Water: A Guide to the Most Magical Part of Wildlife Gardening

from Wildlife Promise

During May, we’re celebrating Garden for Wildlife Month by encouraging people to make wildlife habitat in their backyard, balcony, farm, community, or other garden spot. For every spot that becomes a Certified Wildlife Habitat®, we’ll plant a tree to help another habitat. Enjoy these tips to help you on your way to certify!

One of the best things a wildlife gardener can do for birds and other wild creatures is to provide a dependable source of water in the garden. It is surely important to have food, shelter and some places to rear young (such as trees, shrubs and brush piles) but water is a truly magical ingredient for delivering an amazing garden wildlife show.

Birds in bird bath

Wild creatures can survive for a time without food, but they need water much more frequently. And, many of our favorite creatures simply enjoy a bath.

Bird Baths

The easiest way to provide water for wildlife is likely just to put out a birdbath and to keep it filled. Once the birds figure out it is there, they will be steady visitors for drinking and baths. Some people will place birdbaths or other water vessels on the ground for small mammals and other ground-dwelling garden creatures.

There are wide range of birdbaths, some which we sell in NWF’s online catalog. Apartment dwellers and backyard deck gardening fanatics are particularly fond of deck railing-mounted baths.

Water Drip Feature

One of the most amazing things you can do for attracting birds and other creatures to your yard is to add a water drip feature to your bird bath.  These drip features work so well because birds have weak scent glands but a heightened sense of hearing.  Importantly, during spring and fall migration, drip features and other ways to make water move and bubble will bring in colorful warblers and other long-distance travelers.  You may not pull in an egret or great blue heron, but the smaller birds will thank you.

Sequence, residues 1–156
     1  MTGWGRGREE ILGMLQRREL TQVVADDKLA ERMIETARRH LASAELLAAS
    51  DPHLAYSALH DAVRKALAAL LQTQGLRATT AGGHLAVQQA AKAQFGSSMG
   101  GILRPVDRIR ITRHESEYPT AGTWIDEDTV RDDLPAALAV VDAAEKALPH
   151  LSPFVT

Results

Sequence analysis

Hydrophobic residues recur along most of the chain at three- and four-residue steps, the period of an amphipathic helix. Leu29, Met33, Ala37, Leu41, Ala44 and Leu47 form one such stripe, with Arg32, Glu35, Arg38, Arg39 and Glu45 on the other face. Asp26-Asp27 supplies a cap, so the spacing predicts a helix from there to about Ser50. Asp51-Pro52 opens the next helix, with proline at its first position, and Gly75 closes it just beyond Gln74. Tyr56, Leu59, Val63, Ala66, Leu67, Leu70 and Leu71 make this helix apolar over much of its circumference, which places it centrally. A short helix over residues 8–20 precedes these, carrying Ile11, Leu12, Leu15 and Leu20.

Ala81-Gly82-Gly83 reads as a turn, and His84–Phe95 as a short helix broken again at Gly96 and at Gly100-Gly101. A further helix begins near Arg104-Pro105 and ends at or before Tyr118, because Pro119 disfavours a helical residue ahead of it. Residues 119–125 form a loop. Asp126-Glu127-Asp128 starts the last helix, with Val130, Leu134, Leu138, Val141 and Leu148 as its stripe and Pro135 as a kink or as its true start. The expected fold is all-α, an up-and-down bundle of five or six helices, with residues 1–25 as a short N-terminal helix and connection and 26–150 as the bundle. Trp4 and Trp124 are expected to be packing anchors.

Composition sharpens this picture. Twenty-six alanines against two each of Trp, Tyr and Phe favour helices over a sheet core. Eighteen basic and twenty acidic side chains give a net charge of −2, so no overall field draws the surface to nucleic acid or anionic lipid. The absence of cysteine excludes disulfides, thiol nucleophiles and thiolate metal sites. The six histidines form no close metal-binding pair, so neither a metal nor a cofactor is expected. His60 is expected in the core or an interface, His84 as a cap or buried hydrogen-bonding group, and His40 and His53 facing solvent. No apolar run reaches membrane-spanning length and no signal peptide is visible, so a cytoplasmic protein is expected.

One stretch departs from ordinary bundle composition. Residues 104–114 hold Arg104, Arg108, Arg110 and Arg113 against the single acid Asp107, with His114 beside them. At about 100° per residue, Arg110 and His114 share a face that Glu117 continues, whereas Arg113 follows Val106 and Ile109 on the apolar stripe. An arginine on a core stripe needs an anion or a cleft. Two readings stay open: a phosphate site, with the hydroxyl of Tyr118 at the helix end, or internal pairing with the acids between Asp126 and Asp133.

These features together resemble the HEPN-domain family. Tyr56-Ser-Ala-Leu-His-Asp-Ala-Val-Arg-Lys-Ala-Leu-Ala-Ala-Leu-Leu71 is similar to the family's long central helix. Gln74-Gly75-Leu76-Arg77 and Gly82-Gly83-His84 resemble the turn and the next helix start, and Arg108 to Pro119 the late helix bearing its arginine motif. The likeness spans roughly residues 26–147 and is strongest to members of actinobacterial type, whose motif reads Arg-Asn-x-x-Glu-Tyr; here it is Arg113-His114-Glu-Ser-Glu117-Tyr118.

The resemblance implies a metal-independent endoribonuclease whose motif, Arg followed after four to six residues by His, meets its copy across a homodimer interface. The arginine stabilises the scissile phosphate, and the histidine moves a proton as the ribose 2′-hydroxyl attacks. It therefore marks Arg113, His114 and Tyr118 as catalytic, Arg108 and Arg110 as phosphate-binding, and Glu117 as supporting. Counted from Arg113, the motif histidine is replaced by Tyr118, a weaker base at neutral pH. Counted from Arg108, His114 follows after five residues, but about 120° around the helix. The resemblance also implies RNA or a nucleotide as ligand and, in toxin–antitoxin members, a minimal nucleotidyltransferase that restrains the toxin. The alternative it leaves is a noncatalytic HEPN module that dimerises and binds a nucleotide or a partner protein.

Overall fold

Some people create a drip feature by hanging a bucket or plastic milk jug with a miniscule hole over the bird bath so that water drips down into the bath throughout the day.  Tip: unscrew the top!

Others hook up a garden hose to specially designed drip tube you can purchase that can be adjusted for a slow steady drip.

In addition to drip lines, there are birdbath” bubblers,” water “wigglers” and other devices that will cause water to move in the birdbath, attract wildlife and also keep mosquitoes from breeding.

Misters

Another water feature that gardeners often employ is a “mister.”  These devices spray mists over plants or bird baths.   Birds like them to cool down and pollinators like it because of the tiny water droplets they leave on flowers.  Butterflies and bees will be especially appreciative.  Misters can also be found online.

Bird Waterers

If you are less interested in moving water but still want to help the local wildlife to find a drink, there are also bird “waterers” you can purchase and hang that can hold a couple of gallons of water and are similar to bird feeders.

Ponds and Fountains

Some of the most dedicated gardeners will place a pond or bubbling fountain in their garden and these are likewise a terrific treat for all kinds of wildlife and a great place for frogs and other amphibians.  Incidentally, more than one pond owner has reported an occasional egret or great blue heron making a stop.

Many people who think they do not have enough of a garden to become a Certified Wildlife Habitat® site will find that a simple bird feeder and water feature may be the only missing ingredients.  And, that water is the magic ingredient that can make you wildlife garden a true haven from resident creatures and world travelers alike.


Certify Your Garden as a Wildlife Habitat

Learn more about attracting wildlife to your garden and how to create a National Wildlife Federation Certified Wildlife Habitat® >>